The passive house movement, which started in Germany, is a rigorous building standard that architects and homeowners can adopt, in order to greatly reduce a home’s environmental impact. Here, the word “passive” refers to the means, by which these buildings source heat passively from the sun, reducing energy consumption while prioritizing air quality, durability, and thermal comfort. Concerns that Germany and Switzerland have shared since the late 1980s have now begun to spread to the States, generating more interest in this building method.
A few years ago, I was the architect of my own passive-inspired house on the eastern end of Long Island. Below, I’ve highlighted 5 key principles of passive house building along with some reflections from my own experience.
Simply put, the way we built homes 20-30 years ago is not the way we should be building homes now. At the time, energy was cheap, and designing for maximum energy efficiency was not prioritized. As energy prices increased, there was a real push to analyze particular elements of the building envelope. The culmination of that push became building science and passive homes. Passive house standards call for a sealed envelope, meaning that any openings or penetrations in the structure must be closed. By effectively sealing the building, energy spent on heating and cooling is greatly reduced. This characteristic of passive building helps new structures exceed most state energy codes. Where New York state code requires 3 air changes per hour, passive building requires 0.6, resulting in much lower energy bills.
Quality Insulation / No Thermal Bridging
The more insulation a home has, the less energy it requires. The passive house formula, available via the North American Passive House Network, accounts for many aspects of the house such as dimensions, number of windows/window depth, perimeter of the building shell, and other very minute calculations, to determine the amount of insulation required for a structure. A key requirement of passive building is to prevent thermal bridging (the conduction of heat/cold from the exterior to the interior) by applying insulation to the exterior of the building’s sheathing.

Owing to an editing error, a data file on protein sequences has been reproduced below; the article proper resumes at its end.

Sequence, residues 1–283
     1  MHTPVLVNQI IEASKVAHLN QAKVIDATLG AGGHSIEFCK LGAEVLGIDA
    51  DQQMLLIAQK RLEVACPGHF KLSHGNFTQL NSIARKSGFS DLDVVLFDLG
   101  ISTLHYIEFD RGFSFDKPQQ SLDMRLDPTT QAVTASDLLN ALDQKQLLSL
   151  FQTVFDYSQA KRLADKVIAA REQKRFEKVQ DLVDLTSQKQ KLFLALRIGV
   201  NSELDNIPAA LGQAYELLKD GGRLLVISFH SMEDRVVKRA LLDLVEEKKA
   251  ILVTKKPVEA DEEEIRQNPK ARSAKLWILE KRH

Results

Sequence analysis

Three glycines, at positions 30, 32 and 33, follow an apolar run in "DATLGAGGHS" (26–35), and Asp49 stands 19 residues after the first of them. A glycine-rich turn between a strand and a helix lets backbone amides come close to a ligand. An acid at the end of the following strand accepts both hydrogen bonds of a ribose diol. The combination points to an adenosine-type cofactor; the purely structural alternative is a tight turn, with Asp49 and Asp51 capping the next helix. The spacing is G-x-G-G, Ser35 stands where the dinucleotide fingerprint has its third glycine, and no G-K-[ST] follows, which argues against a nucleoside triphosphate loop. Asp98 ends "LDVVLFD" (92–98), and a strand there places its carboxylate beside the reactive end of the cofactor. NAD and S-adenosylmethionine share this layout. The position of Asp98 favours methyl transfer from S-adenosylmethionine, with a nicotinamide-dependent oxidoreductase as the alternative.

While passive homes require an airtight envelope, they can still have windows. However, because windows have lower R values (insulation values) than wall material, triple-glazed windows should be used instead of the double pane windows we typically see in the Northeast. Triple-glazed windows employ three panels of glass, which increase insulation and reduce noise trade — meaning the interior of passive buildings tend to be very quiet as an added benefit.
As I like to say, “There is nothing cheaper than free heat from the sun.” Passive buildings make optimal use of our earth’s seasonal sunlight patterns. In the Northeast, it is best to position your building facing toward the south, adding overhangs to the roofing and windows that block out the intense summer sun. This prevents the sun from heating the house to excess while allowing in the low-to-the-ground winter sun during the colder months.
Mechanical Ventilation with Heat Recovery
Because passive buildings are well sealed, a way to refresh the air inside is critical. ERVs are equipped with fans, one that draws fresh air into your home, and one that pulls stale air out. When the two airstreams pass through the ERV, a heat exchanger transfers heat and moisture from one airstream to the other. The ERV brings in the fresh air and exhausts stale air in an economical way, ensuring stale air does not remain indoors and that proper humidity levels are maintained. Who doesn’t want fresh air in their home?
In my experience, the effort required to build a passive house is well worth it. Any additional costs tend to effectively pay the homeowner back in monthly energy savings, and because passive houses require less heating and cooling, you end up with reduced mechanical equipment costs.